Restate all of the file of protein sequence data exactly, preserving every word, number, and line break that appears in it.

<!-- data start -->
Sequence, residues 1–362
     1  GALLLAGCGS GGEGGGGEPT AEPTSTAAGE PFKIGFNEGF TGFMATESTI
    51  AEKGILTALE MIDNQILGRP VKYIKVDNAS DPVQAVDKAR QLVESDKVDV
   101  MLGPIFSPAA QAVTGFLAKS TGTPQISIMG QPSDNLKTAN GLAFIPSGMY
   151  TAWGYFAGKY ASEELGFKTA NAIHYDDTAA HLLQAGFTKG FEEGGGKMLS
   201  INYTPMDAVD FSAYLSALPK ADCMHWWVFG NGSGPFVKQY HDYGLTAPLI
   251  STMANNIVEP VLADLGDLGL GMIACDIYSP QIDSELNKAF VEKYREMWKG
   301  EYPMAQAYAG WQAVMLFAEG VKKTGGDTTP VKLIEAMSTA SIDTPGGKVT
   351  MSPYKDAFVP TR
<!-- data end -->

Sequence, residues 1–362
     1  GALLLAGCGS GGEGGGGEPT AEPTSTAAGE PFKIGFNEGF TGFMATESTI
    51  AEKGILTALE MIDNQILGRP VKYIKVDNAS DPVQAVDKAR QLVESDKVDV
   101  MLGPIFSPAA QAVTGFLAKS TGTPQISIMG QPSDNLKTAN GLAFIPSGMY
   151  TAWGYFAGKY ASEELGFKTA NAIHYDDTAA HLLQAGFTKG FEEGGGKMLS
   201  INYTPMDAVD FSAYLSALPK ADCMHWWVFG NGSGPFVKQY HDYGLTAPLI
   251  STMANNIVEP VLADLGDLGL GMIACDIYSP QIDSELNKAF VEKYREMWKG
   301  EYPMAQAYAG WQAVMLFAEG VKKTGGDTTP VKLIEAMSTA SIDTPGGKVT
   351  MSPYKDAFVP TR